Toronto (Canada), Sep 14 (EFE) .- The filmmaker Javier Andrade has returned Ecuador to the Toronto International Film Festival (TIFF) after 17 years with the film “The invisible”, where he talks about a topic that interests him personally, the Depression.
Andrade, whose debut feature “Better not to talk about certain things” in 2012 was a critical and public success, explained to Efe that the presence of “The invisible” in the XLVI edition of TIFF is a great satisfaction for him.
He recalled that the last Ecuadorian film shown in Toronto was “Crónicas” by Sebastián Cordero in 2004 and he considered it a “pleasure and honor” to return Ecuador to the Toronto show.
“It is also a great opportunity for me that this film, which is a small film, very focused on auteur cinema, very focused on delivering the film to an actress that I consider extraordinary, is receiving this level of attention,” Andrade added.
The film, which takes place in the mountains on the outskirts of Quito, stars Anahí Hoeneisen, who represents a middle-aged woman from the Ecuadorian upper class, who after giving birth suffers from depression.
TAILORED TO HOENEISEN
Andrade acknowledged that the film was written for Hoeneisen “like a tailor makes a dress for a person.”
“The film comes from two or three different ideas. One is that I really wanted to make a film that felt different from my first film in terms of filming in the mountains of Ecuador, of having a female character instead of male, and not to use a voice-over. I also wanted to work with Anahí Hoensein, who is an actress that I respect a lot, “he explained.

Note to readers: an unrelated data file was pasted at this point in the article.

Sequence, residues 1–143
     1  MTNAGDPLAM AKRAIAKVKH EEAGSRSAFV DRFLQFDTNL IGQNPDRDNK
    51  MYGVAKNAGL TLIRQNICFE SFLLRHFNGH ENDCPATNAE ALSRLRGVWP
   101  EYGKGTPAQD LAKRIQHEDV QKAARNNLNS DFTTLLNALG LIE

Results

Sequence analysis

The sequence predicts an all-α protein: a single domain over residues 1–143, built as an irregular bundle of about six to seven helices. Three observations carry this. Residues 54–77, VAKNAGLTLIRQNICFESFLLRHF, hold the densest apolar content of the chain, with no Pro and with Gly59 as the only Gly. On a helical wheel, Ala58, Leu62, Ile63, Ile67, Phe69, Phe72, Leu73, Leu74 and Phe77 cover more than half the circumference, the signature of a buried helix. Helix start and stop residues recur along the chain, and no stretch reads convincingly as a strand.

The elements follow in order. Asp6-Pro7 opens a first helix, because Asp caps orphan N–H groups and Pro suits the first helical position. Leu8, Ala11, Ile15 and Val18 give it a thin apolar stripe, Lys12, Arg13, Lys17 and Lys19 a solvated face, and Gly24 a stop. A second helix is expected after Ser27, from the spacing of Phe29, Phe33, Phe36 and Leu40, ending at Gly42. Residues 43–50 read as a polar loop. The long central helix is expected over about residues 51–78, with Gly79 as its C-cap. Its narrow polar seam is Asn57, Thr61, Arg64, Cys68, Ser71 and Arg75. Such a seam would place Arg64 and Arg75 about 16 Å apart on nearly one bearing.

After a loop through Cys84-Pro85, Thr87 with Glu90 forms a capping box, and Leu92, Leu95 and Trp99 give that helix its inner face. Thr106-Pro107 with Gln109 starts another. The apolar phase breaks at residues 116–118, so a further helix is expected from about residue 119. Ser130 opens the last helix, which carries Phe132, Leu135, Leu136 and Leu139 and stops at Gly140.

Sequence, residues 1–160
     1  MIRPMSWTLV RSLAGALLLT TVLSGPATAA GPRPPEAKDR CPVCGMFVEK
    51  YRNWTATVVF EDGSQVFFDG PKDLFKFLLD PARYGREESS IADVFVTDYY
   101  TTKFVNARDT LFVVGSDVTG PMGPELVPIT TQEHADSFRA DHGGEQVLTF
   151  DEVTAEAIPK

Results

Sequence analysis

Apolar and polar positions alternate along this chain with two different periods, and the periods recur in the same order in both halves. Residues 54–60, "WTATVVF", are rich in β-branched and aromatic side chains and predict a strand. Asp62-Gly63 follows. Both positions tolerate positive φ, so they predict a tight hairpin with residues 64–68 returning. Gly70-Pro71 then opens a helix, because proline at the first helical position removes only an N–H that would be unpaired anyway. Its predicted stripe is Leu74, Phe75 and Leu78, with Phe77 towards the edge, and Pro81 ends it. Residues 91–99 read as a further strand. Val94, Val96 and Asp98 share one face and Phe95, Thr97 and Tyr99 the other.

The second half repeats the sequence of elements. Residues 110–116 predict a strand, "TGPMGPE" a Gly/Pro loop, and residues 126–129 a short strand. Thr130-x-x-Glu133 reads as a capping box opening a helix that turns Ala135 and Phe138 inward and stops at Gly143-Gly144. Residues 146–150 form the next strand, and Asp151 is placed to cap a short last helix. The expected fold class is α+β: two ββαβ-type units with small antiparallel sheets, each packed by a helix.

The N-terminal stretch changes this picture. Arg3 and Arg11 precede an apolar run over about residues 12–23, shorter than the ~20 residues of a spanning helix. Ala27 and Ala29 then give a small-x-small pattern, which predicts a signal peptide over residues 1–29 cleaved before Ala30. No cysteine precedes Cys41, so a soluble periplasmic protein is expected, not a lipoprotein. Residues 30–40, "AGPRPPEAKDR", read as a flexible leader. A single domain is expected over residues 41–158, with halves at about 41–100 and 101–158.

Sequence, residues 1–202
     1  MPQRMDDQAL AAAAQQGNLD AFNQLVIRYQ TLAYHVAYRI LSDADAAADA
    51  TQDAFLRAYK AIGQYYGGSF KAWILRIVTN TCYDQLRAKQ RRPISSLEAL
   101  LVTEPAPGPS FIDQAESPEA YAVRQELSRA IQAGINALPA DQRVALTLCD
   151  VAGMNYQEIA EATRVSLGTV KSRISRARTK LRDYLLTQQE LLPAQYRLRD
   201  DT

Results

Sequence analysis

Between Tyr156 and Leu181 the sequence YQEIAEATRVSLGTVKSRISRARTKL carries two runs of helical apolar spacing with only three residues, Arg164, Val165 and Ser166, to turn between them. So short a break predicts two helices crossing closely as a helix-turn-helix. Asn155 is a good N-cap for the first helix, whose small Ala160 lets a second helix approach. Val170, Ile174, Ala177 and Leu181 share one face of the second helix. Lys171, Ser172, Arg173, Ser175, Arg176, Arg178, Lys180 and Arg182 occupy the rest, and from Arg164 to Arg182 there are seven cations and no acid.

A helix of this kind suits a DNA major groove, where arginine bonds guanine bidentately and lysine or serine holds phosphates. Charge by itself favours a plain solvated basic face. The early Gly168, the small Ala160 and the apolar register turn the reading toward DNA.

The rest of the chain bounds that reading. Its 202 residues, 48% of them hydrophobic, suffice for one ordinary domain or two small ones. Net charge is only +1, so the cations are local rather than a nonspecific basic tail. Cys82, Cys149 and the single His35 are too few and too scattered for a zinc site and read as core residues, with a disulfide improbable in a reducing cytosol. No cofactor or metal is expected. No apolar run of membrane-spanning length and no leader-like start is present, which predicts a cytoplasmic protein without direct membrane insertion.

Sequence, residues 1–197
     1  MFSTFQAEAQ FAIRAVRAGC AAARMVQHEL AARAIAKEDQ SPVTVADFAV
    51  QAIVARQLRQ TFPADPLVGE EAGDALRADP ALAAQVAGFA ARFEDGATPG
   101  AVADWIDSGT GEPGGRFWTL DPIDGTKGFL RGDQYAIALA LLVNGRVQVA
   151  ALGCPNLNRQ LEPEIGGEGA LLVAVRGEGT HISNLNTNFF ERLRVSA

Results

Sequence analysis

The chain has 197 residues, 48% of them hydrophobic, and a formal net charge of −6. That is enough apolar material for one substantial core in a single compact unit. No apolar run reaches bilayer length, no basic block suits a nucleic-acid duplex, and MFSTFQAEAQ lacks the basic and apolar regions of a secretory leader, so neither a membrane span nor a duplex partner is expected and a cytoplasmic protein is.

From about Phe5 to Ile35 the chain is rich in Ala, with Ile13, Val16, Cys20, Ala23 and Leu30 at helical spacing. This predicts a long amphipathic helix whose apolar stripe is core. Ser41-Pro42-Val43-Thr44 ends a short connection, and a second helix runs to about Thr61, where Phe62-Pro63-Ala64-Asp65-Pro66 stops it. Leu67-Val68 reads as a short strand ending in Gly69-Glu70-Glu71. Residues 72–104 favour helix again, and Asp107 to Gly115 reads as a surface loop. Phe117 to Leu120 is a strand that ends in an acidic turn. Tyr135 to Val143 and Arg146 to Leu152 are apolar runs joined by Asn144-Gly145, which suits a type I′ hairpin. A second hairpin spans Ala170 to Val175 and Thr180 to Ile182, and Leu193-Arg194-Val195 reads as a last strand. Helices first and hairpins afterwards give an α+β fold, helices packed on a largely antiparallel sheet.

The director added that the idea for this film came after finishing his previous project and after having conversations with Hoeneisen and her husband, Daniel Andrade, cinematographer of “The invisible.”
The idea was “to do something quickly, for little money and as a sort of experiment with them for me to direct Anahí,” Andrade recalled, who added that the project evolved to the point of being neither short nor cheap to become “a very beautiful artistic exploration of navigating on the skin of a woman “.
Andrade underlined the important role that Hoeneisen played in the development of the final script and described her as an “excellent companion”, whose “rigorous research” on the subject allowed her to get into the psyche of a woman suffering from depression.
WORK WITH FRIENDS
“That gave me a peace of mind that allowed me to sleep peacefully knowing that the film was linked by her and by a female universe that, in some way, allowed me to access,” Andrade declared.
The director said that because of the type of stories he likes to tell and the process that follows “of a lot of intimacy, search and risk” he needs to work with “friends, people who share a way of making films and a confidence towards searching beyond that. the result”.
He also stressed that this way of working is widespread in Ecuador: “we are few and the fight, above all, to raise funds is very complex,” he said.
“We now have a very weak institutional framework in terms of the Film Institute, which there is none,” he reflected. “There was one for 14 years, but the previous government closed it and merged it with an arts institute.”
On the other hand, Andrade referred to his next project, entitled “Loretta Young and the monsters”, which he described as the kind of movie that he would have liked to see when he was 15 years old.
“It’s a movie about the first time your heart is broken, about teenagers with elements of the magical realism of Latin American literature mixed with an element of the horror genre,” he commented.
“Our literature in Latin America is very rich, especially in arguments, very rich in sending conventions to shit and turning them around if the emotion is clear. That inspires me a lot and it is the heart of this project that I hope we can. do soon, “he concluded.
Julio Cesar Rivas